It’s okay if you’re not particularly good with technology either – GOV.UK has a guide on how to use the NHS COVID Pass app, with everything you need to know. Alternatively, you can get a COVID pass letter through the post if you’re not digitally enabled.

4. Arrange Your Pre-departure Tests

Depending on where you’re travelling, you might need to arrange a pre-departure test. To find out, search the travel information for the country you plan to visit.

Countries vary in the types of tests required – it could be one of the following:

  • Rapid antigen lateral flow test
  • Supervised antigen test (on a video call with a professional observer)
  • PCR test

If you do have to arrange a pre-departure test, just follow these simple steps:

Figure out when you need to take the pre-departure test

Pay particular attention to the pre-travel test window. Different types of tests have different window lengths. For example, you often only get 24 hours for a rapid antigen lateral flow test but 48 to 72 hours for a PCR test. Also check if the pre-departure test window starts before departure from your home country or arrival at your destination.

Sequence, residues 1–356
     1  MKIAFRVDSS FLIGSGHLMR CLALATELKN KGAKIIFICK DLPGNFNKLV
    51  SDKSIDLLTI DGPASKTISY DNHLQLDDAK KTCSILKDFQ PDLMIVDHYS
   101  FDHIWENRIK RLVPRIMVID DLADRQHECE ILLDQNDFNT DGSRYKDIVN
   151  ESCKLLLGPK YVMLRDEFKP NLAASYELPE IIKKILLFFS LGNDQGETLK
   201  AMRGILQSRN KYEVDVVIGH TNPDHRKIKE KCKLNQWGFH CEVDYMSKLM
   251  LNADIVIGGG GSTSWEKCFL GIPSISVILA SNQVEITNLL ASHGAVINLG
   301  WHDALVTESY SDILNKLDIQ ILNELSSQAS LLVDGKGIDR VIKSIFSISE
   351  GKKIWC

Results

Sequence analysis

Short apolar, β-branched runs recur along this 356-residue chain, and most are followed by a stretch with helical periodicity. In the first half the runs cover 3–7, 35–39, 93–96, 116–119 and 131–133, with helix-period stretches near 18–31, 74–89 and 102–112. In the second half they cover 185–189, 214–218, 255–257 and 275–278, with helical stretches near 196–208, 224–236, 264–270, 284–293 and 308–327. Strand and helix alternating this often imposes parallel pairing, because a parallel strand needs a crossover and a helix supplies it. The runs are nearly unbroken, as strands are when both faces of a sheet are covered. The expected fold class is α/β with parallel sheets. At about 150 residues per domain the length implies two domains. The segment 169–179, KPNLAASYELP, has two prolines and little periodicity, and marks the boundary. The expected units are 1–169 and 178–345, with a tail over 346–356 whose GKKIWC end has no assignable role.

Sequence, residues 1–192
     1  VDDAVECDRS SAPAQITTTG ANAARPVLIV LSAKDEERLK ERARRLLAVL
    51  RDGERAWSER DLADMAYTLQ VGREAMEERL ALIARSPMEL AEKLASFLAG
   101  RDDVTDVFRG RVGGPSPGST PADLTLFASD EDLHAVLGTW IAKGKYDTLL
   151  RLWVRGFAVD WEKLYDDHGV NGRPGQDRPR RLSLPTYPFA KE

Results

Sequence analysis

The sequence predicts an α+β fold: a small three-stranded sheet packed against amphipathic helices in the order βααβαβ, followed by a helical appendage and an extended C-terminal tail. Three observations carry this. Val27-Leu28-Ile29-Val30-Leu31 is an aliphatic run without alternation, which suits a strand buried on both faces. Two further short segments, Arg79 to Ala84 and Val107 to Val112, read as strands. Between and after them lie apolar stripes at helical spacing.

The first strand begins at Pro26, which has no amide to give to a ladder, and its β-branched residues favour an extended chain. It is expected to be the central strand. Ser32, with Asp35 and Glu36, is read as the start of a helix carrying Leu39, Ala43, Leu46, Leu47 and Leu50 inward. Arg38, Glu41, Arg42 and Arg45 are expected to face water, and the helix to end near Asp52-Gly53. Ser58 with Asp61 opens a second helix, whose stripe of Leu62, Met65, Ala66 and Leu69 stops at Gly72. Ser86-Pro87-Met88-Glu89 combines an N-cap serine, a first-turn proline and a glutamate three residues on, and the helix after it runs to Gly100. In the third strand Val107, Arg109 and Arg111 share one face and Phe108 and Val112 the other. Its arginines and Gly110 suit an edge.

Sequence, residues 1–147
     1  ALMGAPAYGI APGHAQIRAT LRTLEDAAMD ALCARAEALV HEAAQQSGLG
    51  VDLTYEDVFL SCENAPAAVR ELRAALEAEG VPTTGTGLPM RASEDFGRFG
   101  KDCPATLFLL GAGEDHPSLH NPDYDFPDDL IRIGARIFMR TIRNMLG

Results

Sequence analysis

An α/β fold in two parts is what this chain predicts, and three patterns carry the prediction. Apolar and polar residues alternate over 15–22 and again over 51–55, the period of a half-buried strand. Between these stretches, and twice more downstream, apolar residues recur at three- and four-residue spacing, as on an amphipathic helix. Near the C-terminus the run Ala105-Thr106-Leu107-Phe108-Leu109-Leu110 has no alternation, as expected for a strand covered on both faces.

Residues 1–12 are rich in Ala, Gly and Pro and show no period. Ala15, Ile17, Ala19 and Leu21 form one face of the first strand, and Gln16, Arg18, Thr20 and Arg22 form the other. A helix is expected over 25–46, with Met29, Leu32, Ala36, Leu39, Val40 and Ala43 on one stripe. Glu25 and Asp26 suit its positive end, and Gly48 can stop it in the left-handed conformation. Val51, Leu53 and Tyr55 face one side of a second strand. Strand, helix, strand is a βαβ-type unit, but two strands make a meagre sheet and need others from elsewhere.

Make sure you order your test kit with plenty of time to spare

We have calculators to help you work out the timings. And here at C19 Testing, we ship our COVID tests seven days a week by DPD tracked next-day delivery.

Take the test as soon as you can

Try and take your test as soon as your window opens to give yourself more time if anything does go wrong. Time is precious when you’ve a flight booked.

If you’re unsure on how to take the test, there’s no need to feel anxious – we have simple easy-to-follow instructions. It’s pretty straightforward.

COVID antigen test

Be conscious of delivery times

If you’re doing a PCR test, you need to return your sample to a lab. It’s best you use a lab that’s local, so you can drop your sample off in person and avoid using the post. If you do need to send via post, be sure to account for Royal Mail services on weekends and public holidays. Royal Mail doesn’t deliver or collect on Sundays or bank holidays.

For example, if you send a sample by the last collection on a Friday, it should arrive on Saturday. But if you send after the last collection on a Saturday, it wont arrive until Tuesday.

Take these delivery timings into account. If your sample isn’t delivered on time, you might not get a result in time for when you fly.

Post the sample in a priority post box

When returning samples by post, using Royal Mail, be aware that you have to post them through one of their priority post boxes.

Sometimes these post boxes will state that they have a Sunday collection – but note that this applies to NHS tests only. Royal Mail definitely wont collect or deliver samples to private labs on Sundays.

Please note you also cannot post samples via standard Royal Mail services inside their branches. For health and safety reasons they won’t accept packages containing COVID samples.